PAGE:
In normal times Democrats would be the ones blocking the Gang of Six deficit reduction plan unveiled yesterday on Capitol Hill. The plan sets in motion cuts to programs and public services that Democrats have held near and dear for decades, including the three Democrats in the gang, Sens. Kent Conrad of North Dakota, Richard Durbin of Illinois, and Mark Warner of Virginia. Not just Social Security. Not just Medicare. The plan also puts tight constraints on domestic spending, effectively limiting investments and programs that Democrats have long championed as vital to our economy and our society.
And to top it all off, the plan mandates lower tax rates for the wealthy and corporations. In fact, all the plan offers Democrats is deficit reduction, which ostensibly is something Republicans care about just as much.
Some will look at the trillion dollars of revenue increases in the plan and see that as a Democratic win. But let’s note that Democrats aren’t for taxes per se, they’re for what taxes pay for. In this case, those new revenues would pay for deficit reduction. Democrats certainly care about deficit reduction but Republicans claim that goal as much as Democrats. And even with the revenue increases in the plan, the country would still have low levels of taxation, which would meaningfully constrain the federal government’s ability to support Social Security, Medicare, education spending, scientific research, road repair, and other Democratic priorities.
So, while it’s true that for a given amount of deficit reduction higher revenue means fewer cuts in programs, that’s only a small consolation in a plan that puts constraints on much of the Democratic agenda. And although the Gang of Six requires that the tax system be kept at least as progressive as it is now, that’s very weak tea since the current level of progressivity is defined by the Bush tax cuts that favored the wealthy.
With so little for Democrats to be enthusiastic about in this deal, you might think they would be the primary hurdle to passage of the Gang of Six plan in Congress. And you could be forgiven for thinking President Barack Obama surely would block it. But you’d be wrong on both counts.
The president praised the plan as a “significant step,” and lauded the “potential for bipartisan consensus.” And in the Senate, even with its Democratic majority, there is wide support and a real possibility it could pass.
No, it’s not the Democratic president or the Democratic Senate that are clear roadblocks. The reason the Gang of Six proposal isn’t going to become law any time soon is that the Republican House of Representatives won’t touch it with a $10 trillion pole.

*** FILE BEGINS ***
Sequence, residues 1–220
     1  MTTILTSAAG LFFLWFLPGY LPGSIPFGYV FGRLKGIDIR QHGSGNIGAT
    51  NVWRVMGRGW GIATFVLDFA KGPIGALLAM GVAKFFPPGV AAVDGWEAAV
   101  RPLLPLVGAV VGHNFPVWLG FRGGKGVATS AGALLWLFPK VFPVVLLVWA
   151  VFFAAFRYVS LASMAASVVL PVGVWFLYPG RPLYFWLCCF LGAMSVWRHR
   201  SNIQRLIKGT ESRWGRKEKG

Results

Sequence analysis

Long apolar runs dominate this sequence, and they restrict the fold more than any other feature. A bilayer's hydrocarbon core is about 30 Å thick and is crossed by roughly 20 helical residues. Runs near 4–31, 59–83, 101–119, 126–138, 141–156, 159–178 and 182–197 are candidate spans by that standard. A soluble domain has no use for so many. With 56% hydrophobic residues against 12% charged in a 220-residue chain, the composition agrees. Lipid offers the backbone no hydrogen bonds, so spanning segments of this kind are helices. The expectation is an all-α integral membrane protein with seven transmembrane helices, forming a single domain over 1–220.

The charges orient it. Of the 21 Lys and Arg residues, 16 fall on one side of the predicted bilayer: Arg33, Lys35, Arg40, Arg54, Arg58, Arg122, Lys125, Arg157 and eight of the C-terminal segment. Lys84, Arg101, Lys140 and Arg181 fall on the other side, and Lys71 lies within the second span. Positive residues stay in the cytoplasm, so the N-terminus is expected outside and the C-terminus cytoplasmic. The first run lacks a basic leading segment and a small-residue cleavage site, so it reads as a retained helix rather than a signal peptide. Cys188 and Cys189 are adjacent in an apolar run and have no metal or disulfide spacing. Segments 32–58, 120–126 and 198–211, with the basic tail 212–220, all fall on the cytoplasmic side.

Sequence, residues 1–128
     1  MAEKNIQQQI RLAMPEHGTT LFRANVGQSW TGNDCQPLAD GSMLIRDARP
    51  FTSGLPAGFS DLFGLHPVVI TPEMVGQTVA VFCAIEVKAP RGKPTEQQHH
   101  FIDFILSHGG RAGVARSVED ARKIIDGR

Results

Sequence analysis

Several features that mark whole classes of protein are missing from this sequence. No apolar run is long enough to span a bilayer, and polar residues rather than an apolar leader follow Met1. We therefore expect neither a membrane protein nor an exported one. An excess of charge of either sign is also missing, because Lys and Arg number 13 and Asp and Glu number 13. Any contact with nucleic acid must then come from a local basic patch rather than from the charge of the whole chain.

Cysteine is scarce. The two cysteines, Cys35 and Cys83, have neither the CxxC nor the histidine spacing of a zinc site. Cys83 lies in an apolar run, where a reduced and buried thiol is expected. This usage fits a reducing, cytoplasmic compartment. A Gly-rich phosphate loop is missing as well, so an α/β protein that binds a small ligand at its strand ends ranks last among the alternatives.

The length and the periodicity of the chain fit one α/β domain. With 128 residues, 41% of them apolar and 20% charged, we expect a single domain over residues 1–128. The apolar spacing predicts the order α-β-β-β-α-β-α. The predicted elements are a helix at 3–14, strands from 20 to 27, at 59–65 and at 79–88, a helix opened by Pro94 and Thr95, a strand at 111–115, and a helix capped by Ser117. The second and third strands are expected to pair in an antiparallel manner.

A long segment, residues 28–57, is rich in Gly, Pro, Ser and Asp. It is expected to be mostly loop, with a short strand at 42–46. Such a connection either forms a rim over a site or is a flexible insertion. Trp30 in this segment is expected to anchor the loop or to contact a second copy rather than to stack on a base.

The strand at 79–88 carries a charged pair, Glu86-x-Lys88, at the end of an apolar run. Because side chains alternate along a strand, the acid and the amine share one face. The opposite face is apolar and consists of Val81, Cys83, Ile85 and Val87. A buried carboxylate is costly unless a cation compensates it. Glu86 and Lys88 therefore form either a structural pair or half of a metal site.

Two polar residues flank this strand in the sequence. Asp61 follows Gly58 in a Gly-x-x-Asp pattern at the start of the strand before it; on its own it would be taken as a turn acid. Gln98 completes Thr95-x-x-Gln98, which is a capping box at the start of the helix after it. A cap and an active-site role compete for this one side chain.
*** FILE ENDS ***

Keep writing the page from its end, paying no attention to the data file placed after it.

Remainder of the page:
That just shows how incredibly extreme Republicans in the House of Representative are today. Everyone looks at the Gang of Six plan and knows it isn’t moving because Republicans in the House won’t accept even a deal like this one that is skewed in their ideological direction. Why? Because they look at it and see a tax increase.
Never mind that right now the United States is collecting less in taxes than at any time since 1950 as a share of the economy. Or that our country has just about the lowest taxes of all economically advanced countries. Or even that it was tax cuts that helped get us in this fiscal mess, and that it’s the continuation of those same tax cuts that accounts for much of our future mess.
No, if Grover Norquist of “Americans for Tax Reform” deems a deal to have any “additional” revenue then that deal is unacceptable. Instead of fighting for real fiscal responsibility, the House Republicans end up fighting for Grover Norquist’s famous mission of shrinking government to the size it can fit in the bathtub and then drowning it. That’s a position that can destroy a country. And unfortunately many House Republicans are taking their best shot.
To be fair, there are certainly House Republicans who know better. But too few are standing up publicly to restore the dignity of their caucus as a serious player working in the best interests of their country.
And what of the Democratic Sens. Durbin, Conrad, and Warner, the members of the Gang of Six who helped craft and embraced a plan that in normal times would cause Democrats to blanch? They’re simply being patriots. They see America’s long-term deficit as an existential threat to the nation. So they’ve worked with Republican colleagues to try to come up with something that reduces those deficits, contains large spending cuts to attract needed Republican votes, and tries to save and protect critical public programs, services, and investments to the extent possible. For this they have taken, and will take, a substantial amount of heat from their base of supporters.
That’s understandable. In a more rational universe, a divided Congress with a Democratic president would negotiate a more balanced budget deficit plan that better reflects the diversity of views among the nation’s elected leaders and electorate—a plan that might even be tilted slightly toward progressive priorities. But the House of Representatives is pinned down by the radical wing of the Republican party, which isn’t interested in negotiation. So even this plan, skewed to gather the support of right-wing Republicans, is stalled from the start.
Michael Linden is Director of Tax and Budget Policy and Michael Ettlinger is Vice President for Economic Policy at American Progress.
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